Humans have tried to predict the weather since ancient times.
Over tens of thousands of years, Indigenous Australians developed an intricate knowledge of seasonal changes in the weather. For example, the Jawoyn in northern Australia recognizes five distinct seasons: Jeyowk, Bangkarrang, Malapparr, Jungalk and Guran.
Around 650 BCE, there are records of the Babylonians attempting to predict short-term weather movements by observing the clouds and astrological signs.
Then around 340 BCE, Greek philosopher Aristotle wrote Meteorologica, a treatise where he discussed weather and climate. Some of his ideas were correct (observations about the Earth’s hydrologic cycle), but many others were not (earthquakes being caused by winds trapped in the earth).
From these times onwards, there’s evidence of many other civilizations trying to divine the weather, especially via “reading” the sky to work out the next day’s weather.
Richard Whitaker, a meteorologist who worked at Australia’s Bureau of Meteorology for 30 years, says this was often informally codified through weather sayings.
As the centuries ticked over, different instruments were invented that became vital in weather forecasting.
In the 16th and 17th centuries, several European scientists (including Italian Galileo Galilei) developed increasingly reliable thermometers. Also around this time, Italian Evangelista Torricelli invented the barometer, which could measure atmospheric pressure.
But Professor Kristine Harper, an earth sciences historian at the University of Copenhagen, says scientific weather forecasting only really started to develop in the 19th century.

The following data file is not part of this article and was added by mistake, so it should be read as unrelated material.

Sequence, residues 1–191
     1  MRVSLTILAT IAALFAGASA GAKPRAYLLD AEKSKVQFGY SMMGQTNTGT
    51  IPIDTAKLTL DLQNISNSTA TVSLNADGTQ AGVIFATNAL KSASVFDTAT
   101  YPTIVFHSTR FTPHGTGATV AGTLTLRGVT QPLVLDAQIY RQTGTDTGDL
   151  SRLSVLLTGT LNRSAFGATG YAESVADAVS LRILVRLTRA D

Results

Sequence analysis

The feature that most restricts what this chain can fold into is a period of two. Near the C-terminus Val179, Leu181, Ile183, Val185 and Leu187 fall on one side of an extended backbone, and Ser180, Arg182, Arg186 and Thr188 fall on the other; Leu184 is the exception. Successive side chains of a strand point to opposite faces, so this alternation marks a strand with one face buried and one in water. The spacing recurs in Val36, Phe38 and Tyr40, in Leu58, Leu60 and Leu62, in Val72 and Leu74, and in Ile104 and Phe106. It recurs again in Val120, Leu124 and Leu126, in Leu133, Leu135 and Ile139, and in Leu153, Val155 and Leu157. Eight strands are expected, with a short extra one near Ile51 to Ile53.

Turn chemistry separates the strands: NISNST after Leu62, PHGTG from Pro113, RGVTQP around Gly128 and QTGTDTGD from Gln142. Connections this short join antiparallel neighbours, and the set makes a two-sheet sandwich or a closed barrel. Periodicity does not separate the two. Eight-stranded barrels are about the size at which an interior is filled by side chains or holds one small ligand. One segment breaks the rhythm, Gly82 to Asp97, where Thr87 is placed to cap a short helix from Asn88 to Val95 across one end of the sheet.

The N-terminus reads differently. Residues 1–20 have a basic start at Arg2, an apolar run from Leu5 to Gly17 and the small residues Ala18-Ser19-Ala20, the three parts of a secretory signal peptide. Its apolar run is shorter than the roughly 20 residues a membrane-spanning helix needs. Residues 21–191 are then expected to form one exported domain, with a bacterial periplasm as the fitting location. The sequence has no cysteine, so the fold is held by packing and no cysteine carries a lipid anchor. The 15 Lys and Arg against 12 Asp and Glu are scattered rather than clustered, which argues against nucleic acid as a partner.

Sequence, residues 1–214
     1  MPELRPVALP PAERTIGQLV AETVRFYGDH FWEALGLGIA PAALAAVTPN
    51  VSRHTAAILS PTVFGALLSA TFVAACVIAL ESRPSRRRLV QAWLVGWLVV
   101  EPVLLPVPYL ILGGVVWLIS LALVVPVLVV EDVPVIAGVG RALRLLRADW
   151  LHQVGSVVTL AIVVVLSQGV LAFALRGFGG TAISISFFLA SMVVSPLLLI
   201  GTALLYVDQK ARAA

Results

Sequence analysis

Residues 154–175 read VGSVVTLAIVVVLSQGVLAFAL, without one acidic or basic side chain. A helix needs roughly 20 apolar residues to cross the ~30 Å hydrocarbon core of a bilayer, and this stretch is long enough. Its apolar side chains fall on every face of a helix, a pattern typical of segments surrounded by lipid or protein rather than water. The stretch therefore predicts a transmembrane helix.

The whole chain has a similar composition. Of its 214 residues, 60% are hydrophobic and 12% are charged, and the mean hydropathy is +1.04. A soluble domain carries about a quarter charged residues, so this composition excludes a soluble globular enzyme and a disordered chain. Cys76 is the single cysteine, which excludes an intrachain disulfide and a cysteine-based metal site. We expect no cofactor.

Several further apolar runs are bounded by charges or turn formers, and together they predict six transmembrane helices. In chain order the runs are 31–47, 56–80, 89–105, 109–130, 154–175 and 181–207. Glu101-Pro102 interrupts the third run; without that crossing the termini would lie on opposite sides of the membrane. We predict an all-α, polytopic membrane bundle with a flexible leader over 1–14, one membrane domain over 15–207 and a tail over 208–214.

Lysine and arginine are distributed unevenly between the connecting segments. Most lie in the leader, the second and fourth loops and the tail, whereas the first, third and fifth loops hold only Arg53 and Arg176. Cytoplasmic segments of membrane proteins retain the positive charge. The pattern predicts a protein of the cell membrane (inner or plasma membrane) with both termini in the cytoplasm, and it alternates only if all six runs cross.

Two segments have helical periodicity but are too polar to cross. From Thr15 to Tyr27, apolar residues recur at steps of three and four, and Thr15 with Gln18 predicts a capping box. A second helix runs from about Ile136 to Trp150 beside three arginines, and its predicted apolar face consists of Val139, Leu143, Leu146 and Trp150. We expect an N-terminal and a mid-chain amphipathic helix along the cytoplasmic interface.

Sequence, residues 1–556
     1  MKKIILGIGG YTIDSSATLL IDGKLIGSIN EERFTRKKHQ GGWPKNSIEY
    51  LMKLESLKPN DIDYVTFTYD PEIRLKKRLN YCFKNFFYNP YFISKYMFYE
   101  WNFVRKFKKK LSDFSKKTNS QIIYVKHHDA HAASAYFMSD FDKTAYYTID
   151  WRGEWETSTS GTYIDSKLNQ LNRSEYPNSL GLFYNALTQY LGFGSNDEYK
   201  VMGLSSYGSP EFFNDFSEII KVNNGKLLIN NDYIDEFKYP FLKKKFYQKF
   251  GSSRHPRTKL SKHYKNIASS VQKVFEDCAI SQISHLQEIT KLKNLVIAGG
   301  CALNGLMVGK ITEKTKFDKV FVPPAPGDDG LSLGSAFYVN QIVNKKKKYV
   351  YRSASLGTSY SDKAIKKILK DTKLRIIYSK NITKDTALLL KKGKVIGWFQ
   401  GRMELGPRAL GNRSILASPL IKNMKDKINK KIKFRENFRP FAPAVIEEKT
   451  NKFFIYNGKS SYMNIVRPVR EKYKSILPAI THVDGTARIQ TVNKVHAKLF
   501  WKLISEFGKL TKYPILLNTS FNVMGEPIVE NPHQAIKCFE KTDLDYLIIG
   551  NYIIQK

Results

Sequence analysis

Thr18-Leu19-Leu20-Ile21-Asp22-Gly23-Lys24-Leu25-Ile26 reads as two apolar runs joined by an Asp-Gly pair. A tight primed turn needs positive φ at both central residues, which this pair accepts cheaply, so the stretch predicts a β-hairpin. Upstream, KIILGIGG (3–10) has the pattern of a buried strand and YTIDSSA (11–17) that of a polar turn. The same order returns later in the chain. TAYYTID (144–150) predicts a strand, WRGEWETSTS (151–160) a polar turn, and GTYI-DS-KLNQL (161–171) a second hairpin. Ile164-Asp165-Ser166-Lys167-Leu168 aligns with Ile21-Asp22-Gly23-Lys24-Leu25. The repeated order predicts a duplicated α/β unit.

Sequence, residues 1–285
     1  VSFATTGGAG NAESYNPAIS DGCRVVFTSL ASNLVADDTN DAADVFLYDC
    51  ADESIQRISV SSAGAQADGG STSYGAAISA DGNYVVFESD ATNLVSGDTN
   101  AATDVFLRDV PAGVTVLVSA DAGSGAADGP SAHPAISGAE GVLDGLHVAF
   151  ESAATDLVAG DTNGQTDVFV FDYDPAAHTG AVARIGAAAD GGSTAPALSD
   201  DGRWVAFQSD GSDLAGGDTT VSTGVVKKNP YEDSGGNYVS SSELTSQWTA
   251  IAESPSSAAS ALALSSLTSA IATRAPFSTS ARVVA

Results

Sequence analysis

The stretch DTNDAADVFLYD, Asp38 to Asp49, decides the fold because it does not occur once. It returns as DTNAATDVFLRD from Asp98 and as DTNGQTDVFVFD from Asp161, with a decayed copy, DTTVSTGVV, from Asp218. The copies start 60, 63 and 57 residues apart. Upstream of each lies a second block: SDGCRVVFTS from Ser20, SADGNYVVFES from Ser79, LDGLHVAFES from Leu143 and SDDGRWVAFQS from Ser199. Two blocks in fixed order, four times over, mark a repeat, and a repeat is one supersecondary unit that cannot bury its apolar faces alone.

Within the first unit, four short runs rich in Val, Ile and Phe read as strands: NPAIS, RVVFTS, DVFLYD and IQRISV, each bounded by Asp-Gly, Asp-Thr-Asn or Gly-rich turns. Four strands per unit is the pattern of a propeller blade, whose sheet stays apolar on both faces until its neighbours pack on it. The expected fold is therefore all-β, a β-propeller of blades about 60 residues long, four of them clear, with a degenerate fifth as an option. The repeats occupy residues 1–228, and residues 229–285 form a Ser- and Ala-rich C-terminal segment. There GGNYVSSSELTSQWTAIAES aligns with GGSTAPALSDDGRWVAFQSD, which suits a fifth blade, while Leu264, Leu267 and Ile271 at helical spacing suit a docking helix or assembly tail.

“We see the first scientific weather forecasting in the 19th century … [People] were recording temperature and pressure, because that was basically all they had equipment for. [Then] there were attempts to systematize it … To see if they could figure out what the weather was going to be for the next day,” Professor Harper says.
In the early 19th century, British Royal Navy officer Sir Francis Beaufort developed the wind force scale to classify wind speeds. Then following a major shipwreck off the coast of Wales in 1859, Beaufort’s protégé Robert FitzRoy was the first to make daily, public weather predictions, which he called “forecasts.”
But meteorologist Mr. Whitaker says around this time, “one of the big moments [in the history of weather forecasting] was not really connected with the weather at all.”
He says the invention and development of the electric telegraph in the 1800s meant weather data and information could be gathered and shared quickly.
For the first time, humans could observe weather systems moving from one location to another in real-time.
Equations solved by supercomputers
Weather forecasting today is a culmination of all of those scientific, mathematical and technological developments.
As Professor Nicholls explains, there are now “thousands of points across the atmosphere, across the globe” that humans are monitoring for weather purposes, “from the [Earth’s] surface to kilometres above the surface.”
At these points, information is recorded, including temperature, pressure, air density and the wind movement.
“We put all of that together and solve, basically, seven equations. We solve them all simultaneously across the world, at all these levels. And the only way we can do that is by massive supercomputers, which do it all at once,” Professor Nicholls says.
So do humans still have a role in the process? Professor Harper is clear: “Of course.”
“Because we’re still the ones that have to interpret the charts … The meteorologists get these charts, they look at them, they discuss what’s going on. And then they’re the ones that tap up the forecasts.”
And from assisting global transport networks and agricultural practices, to life and death situations like cyclones, to whether or not we take an umbrella to work, these forecasts impact our lives every day.
Source: ABC News